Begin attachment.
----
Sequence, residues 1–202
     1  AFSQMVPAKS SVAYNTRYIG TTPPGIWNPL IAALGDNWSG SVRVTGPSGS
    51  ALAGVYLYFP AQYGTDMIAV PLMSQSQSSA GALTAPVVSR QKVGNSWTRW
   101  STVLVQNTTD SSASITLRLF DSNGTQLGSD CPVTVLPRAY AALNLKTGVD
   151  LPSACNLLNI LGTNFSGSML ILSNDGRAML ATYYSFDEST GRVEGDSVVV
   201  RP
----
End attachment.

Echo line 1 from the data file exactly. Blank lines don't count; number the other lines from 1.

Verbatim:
Sequence, residues 1–202